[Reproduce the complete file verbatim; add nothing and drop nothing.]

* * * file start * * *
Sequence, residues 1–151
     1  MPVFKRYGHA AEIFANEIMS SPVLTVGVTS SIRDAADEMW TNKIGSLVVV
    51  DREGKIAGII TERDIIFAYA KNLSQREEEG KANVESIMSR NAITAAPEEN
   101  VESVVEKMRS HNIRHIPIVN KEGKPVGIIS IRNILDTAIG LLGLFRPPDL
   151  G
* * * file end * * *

Sequence, residues 1–151
     1  MPVFKRYGHA AEIFANEIMS SPVLTVGVTS SIRDAADEMW TNKIGSLVVV
    51  DREGKIAGII TERDIIFAYA KNLSQREEEG KANVESIMSR NAITAAPEEN
   101  VESVVEKMRS HNIRHIPIVN KEGKPVGIIS IRNILDTAIG LLGLFRPPDL
   151  G